I’m not sure how to introduce this post. My blogging skills are getting rusty from disuse. I guess that’s an expected side effect of Project Get More Education. I’m nearly a month late on my Reading Blog post but this isn’t it. There’s something else on my mind tonight, something begging me to write it.
Once upon a time I was mired in a relationship in which the ambiguous “most people” were frequently called upon in
discussions arguments about any and all topics. What “most people” do/don’t do could/can be used to justify or (smugly self-justify) any position or practice.
Sometimes “everyone else does it” sounds like a great excuse to do it too. Sometimes “most people don’t do it” make an excellent method to feel superior and self-righteous because we do do it. But either way it’s invoking (usually imagined) other people to make ourselves feel better about something we don’t want to really think about.
And I’m not quite sure how to say this but any argument that relies on “most people” (whether “most” is 50.01% or 99.99% is irrelevant) is a bullshit argument and a toxic discussion to have. Frankly, my dears, I don’t give a damn what most people do or don’t do. Spending my life worry about most people never got me anywhere other than insecure, paranoid, and pressured.
“Most people” is how we get conned into “keeping up with the Joneses.” It’s how we get trapped into doing or buying things we don’t need or want and probably aren’t even healthy for us. “Most people” is a great way of selling stuff, of creating fear and paranoia, envy and greed, alienation and insecurity.
This is where all my new-fangled education comes in. Where do “most people” come from? Let’s break it down. Our ideas of “most people” are formed largely through media. We imagine “most people” based on what we see on TV, what we stream online, what we read. There’s little to no actual reality in our perceptions of “most people.” Usually we know that when we see a “middle class” family sitcom where they have an eight bedroom house that this isn’t real. But when we see hundreds of thousands of pictures of women airbrushed to appear they have no body hair or blemishes it adds up and we assume this is normal and desirable.
“Most people” is purely imaginary, it’s what we have been conditioned to assume is normal and good. It’s a construction we have in our minds. This is part of how culture is made. Culture is not and never has been something static and simple. All cultures are always dynamic, adapting and changing and influenced by a wider context. The modern assumption that culture is set-in-stone tradition is itself a recent cultural construction. Humans have always participated in exchange and change. It’s what we do.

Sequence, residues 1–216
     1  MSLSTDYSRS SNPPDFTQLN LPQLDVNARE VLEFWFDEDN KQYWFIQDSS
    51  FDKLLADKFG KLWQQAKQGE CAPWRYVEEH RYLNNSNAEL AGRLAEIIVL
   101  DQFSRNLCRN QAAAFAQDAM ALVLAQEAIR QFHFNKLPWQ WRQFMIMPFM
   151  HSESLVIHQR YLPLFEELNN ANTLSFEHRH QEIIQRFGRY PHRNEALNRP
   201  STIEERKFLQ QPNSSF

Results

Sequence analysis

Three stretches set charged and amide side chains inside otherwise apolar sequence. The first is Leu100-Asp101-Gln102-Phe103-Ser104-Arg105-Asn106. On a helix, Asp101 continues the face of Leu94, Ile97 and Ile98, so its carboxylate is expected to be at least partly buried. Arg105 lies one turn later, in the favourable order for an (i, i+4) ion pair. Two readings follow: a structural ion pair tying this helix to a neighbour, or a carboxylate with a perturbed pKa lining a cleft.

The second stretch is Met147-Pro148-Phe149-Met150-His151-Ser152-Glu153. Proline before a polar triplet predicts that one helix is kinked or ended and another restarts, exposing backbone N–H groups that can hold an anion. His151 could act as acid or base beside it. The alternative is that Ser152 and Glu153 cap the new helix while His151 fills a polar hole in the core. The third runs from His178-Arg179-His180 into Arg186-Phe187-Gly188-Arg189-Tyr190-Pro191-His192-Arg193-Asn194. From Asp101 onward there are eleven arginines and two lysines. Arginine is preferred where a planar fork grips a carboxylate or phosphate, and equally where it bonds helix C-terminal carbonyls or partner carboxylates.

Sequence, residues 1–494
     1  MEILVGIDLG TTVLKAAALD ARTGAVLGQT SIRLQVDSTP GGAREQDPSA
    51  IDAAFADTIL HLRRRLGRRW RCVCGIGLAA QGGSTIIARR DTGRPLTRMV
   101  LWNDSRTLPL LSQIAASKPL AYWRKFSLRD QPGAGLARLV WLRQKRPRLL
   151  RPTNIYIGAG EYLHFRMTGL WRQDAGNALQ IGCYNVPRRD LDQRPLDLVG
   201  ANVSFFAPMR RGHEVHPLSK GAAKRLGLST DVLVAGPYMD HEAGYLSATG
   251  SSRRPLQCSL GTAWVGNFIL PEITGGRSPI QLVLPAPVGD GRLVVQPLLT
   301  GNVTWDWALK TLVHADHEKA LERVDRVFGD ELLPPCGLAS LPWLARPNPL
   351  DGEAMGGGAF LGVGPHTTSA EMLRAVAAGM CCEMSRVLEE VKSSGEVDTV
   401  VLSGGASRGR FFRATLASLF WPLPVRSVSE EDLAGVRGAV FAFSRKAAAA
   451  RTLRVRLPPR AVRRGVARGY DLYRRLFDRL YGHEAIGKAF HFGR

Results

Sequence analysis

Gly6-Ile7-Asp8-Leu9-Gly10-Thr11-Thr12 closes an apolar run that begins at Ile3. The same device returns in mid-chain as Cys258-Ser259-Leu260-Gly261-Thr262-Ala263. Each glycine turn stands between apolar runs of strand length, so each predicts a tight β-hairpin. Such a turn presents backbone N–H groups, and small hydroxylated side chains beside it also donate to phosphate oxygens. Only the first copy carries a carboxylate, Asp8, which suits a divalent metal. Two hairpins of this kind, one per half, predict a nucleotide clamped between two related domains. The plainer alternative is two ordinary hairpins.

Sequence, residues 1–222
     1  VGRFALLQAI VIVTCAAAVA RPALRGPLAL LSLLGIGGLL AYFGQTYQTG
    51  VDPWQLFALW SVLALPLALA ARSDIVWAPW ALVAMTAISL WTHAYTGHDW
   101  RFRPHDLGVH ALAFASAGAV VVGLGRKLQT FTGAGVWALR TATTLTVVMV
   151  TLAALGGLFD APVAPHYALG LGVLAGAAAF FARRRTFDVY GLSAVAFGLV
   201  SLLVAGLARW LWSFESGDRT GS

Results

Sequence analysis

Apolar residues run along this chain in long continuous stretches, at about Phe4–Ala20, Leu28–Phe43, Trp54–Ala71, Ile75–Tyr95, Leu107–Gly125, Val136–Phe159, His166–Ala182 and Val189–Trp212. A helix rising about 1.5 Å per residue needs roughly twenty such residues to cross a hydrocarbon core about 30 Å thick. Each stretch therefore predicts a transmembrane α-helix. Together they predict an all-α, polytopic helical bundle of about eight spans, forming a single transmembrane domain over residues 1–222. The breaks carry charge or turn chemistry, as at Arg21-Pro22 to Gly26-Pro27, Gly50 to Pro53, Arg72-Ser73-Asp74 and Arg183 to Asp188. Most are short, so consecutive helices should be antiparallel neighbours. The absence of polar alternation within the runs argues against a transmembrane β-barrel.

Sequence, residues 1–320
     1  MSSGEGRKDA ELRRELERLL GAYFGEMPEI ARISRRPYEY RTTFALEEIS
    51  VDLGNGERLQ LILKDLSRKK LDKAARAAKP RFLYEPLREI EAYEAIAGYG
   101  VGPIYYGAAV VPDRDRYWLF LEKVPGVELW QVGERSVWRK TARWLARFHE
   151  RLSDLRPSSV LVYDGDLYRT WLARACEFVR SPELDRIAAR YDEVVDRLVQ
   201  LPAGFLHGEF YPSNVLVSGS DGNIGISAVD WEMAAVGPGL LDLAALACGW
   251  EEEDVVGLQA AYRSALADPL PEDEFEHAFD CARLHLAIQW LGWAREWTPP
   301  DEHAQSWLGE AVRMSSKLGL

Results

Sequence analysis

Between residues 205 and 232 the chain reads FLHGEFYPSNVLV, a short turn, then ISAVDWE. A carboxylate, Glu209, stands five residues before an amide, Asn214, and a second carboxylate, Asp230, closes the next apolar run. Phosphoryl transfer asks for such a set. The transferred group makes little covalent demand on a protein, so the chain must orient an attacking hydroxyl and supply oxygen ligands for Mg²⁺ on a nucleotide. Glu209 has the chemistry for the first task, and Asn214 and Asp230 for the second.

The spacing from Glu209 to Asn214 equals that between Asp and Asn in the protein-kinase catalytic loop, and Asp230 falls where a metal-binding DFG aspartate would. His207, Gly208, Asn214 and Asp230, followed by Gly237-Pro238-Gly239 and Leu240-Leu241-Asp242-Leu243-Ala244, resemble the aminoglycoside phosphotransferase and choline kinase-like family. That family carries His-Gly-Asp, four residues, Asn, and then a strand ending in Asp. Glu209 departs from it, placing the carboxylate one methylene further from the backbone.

Sometimes we have constructed our cultures with stories around the dinner fire, sometimes with written texts or pictures or dances, sometimes with TV and radio and popup internet adds. I ascribe to the idea that these media representations form a circular relationship with culture, they simultaneously represent and disseminate understandings of reality. They aren’t necessarily real but they do important work in how we interpret reality and imagine what is desirable and normal.
These cultural productions are how we learn what “most people” do, they’re a point of comparison for understanding ourselves in reference to others. Yet they often have very little to do with what “most people” actually do. And if enough of us become convinced that the things we see “most people” doing/having are things we need to do/have then these representation become reality by manipulating us into making them reality.
There’s a plethora of nasty examples of how this works in current media. Think stochastic terrorism. Somebody
says enough hateful shit uses enough hateful rhetoric and sooner or later someone internalizes and normalizes that hate into behavior. Their behavior gets wide media attention and more people emulate it. Over time it becomes a new normal, one that “most people” don’t question because “most people” are participating in it.
That might be an extreme example but it’s also a good one. An awful lot of what we think of as normal came to be normal through exactly this process. And frequently these things aren’t at all healthy or beneficial. Sometimes this effect can be leveraged for the betterment of the species and toward health, stewardship, and safety. And sometimes cultural changes are benign and superficial. But too often bizarre and violent behavior comes to be normal because “most people do it.” At different times and places this has included things like blood-letting, rib-breaking corsets, drinking and driving, infant abandonment, school shootings, crusades, invasions, and genocides.
Just because we think “most people” do it or have it doesn’t mean we should too.
What if we normalized bodies that aren’t airbrushed? What if we normalized non-coercive, non-violent conflict resolution? What if we normalized simple lifestyles based on contentment with having our needs met rather than dissatisfaction about the things we don’t have? What if we normalized genuine pluralism, justice, and equality? What if we normalized open arms and open hearts in the face of tragedy?
You see where I’m going?
I don’t want to worry about “most people.” I want to focus on what I can do to live up to my values, to live a new normal which might not be anywhere near perfect but in which I am intentional and thoughtful about where I spend my time and energy. And I want this to be a new normal.
New norms always have to start somewhere. We have to live them and we have to make the media and culture that give them life and longevity.